Tip: If you are serious about reducing subvocalization and improving your reading, then Denise and I highly recommend you try the popular speed-reading program, 7 Speed Reading. Click 7 Speed Reading for further information.*
What is subvocalization?
Subvocalization is saying words as you read them during silent reading. Most people “say” the words silently, in their minds. Some people say the words audibly.
What causes subvocalization?
Subvocalization is learned from childhood. When we were children, we learnt to read by associating printed symbols (words) with the way we say and hear those words. When we read to ourselves, even as adults, we continue to say or hear the words, to varying degrees.
Is subvocalization good or bad?
Subvocalization is both a good thing and a bad thing.
Subvocalization is good for:
But subvocalization is bad for reading fast. If you say each word, then you can never read fast; you will read only as fast as you can speak, which is a slow 150 words per minute or so.
The trick is to reduce unnecessary subvocalization.
How do you reduce unnecessary subvocalization?
To reduce unnecessary subvocalization, you need to change your mindset.
You need to regard reading as a process of thinking the meaning of words rather than of saying the words.
For example, when you see a red traffic light, you do not say “stop”; rather, you automatically associate the red light with its meaning. Only your eyes and brain are involved in knowing the meaning of the red light — you do not need your mouth or ears to understand the red light’s meaning.
If you can find a similar way to think words’ meanings without saying the word, then you can read up to 700 or 800 words per minute without losing comprehension.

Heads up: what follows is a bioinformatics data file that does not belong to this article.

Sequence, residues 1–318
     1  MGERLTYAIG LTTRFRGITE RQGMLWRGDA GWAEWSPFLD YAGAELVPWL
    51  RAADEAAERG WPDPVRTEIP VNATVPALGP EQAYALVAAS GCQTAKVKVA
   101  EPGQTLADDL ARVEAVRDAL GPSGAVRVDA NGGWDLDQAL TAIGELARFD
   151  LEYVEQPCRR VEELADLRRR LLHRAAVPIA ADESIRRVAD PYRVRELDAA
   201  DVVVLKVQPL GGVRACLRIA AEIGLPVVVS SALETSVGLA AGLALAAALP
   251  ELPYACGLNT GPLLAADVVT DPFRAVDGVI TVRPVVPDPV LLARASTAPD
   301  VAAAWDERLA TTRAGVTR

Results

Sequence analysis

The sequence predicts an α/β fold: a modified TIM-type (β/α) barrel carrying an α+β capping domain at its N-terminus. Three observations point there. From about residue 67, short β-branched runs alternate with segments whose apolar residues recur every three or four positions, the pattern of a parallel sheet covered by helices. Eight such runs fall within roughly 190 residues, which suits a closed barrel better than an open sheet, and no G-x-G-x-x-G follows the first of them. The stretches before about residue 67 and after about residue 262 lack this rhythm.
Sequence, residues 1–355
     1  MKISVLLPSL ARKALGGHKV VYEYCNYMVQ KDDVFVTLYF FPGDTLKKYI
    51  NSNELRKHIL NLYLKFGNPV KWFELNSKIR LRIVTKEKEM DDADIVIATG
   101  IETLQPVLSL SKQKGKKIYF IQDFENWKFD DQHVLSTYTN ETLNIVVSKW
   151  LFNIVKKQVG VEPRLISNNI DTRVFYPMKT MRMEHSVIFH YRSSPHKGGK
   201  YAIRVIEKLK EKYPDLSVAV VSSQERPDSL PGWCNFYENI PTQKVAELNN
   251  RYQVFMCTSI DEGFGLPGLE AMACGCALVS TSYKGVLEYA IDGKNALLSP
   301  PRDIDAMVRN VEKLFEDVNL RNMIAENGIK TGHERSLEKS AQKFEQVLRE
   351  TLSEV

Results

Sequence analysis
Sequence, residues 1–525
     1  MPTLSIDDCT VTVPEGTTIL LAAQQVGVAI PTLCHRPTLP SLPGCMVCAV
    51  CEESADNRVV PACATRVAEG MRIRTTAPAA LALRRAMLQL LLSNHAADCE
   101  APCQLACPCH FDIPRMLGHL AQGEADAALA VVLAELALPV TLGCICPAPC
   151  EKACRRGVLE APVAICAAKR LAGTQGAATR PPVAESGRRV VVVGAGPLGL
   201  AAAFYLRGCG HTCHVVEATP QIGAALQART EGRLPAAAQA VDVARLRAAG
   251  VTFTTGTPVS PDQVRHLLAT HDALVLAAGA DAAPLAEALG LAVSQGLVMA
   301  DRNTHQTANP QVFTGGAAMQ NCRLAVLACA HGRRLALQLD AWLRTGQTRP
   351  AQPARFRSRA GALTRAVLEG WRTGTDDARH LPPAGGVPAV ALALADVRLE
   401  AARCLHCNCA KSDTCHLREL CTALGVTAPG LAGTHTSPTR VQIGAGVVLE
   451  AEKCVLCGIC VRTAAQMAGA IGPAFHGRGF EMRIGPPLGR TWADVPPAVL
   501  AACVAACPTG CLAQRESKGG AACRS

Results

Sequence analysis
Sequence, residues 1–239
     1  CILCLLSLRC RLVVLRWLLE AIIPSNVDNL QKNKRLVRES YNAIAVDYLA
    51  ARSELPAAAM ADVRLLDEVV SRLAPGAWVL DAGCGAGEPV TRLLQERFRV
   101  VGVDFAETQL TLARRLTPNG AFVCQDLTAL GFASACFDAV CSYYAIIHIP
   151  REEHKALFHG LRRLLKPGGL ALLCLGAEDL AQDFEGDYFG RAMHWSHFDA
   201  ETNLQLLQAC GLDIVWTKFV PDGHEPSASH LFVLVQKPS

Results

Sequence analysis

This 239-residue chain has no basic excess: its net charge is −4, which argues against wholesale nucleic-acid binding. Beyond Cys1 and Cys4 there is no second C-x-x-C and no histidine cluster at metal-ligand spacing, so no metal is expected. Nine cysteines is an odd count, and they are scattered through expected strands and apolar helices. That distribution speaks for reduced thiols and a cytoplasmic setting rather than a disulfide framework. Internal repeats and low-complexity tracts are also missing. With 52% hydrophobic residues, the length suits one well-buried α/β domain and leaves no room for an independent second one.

What are some specific ways of reducing subvocalization?
First, improve your vocabulary. The best way to reduce subvocalization and to improve reading speed is to improve your ability to comprehend the material. And to improve your ability to comprehend the material, you must have a good vocabulary, so that you know what the symbols on the page mean.
Second, instruct yourself not to say the words as you read. According to at least one study that I have read, simply instructing readers to reduce subvocalization led to significant increases in reading speed.
Third, practise reading fast — even uncomfortably fast at first and at the cost of an initial reduction in comprehension. Gradually, you will develop the "feel" for fast reading and, with practice at fast reading, comprehension will improve too.
To practise fast reading, get yourself a copy of the popular 7 Speed Reading software. This software comes with 4 easy ways of practising fast reading and reducing subvocalization. The exercises for reducing subvocalization, which you can find under the speed reading software's "Power Access", are:
- Text Flash
- Text Highlighter
- Horizontal Text Trainer
- Text Scroller.
You can set the speed of each of these exercises. Gradually increase the speed at which the text displays.
Fourth, develop exercises that train you to replace the slow "see–say–hear–think" habit of saying words with the faster "see–think" habit of thinking word meanings — in other words, the thinking process involved in the “red traffic light” example. These exercises might include:
- translation exercises: as you read, replace the author's words with your own synonymous words
- count aloud as you read: keep saying "13, 14, 15, 16, 13, 14, 15, 16, etc" aloud as you read; keep counting until the counting becomes mechanical
- hum or sing as you read
Finally, here is a personal tip about reducing subvocalization. When I first tried to reduce my own subvocalization, I said to myself just the first syllable of each word, rather than saying the whole word. This eased me into the new habit of truly silent reading.
*Denise and I recommend only products that we have tried and tested. These include 7 Speed Reading. We have agreed to receive a commission from some sales of 7 Speed Reading software because we are happy to endorse that software.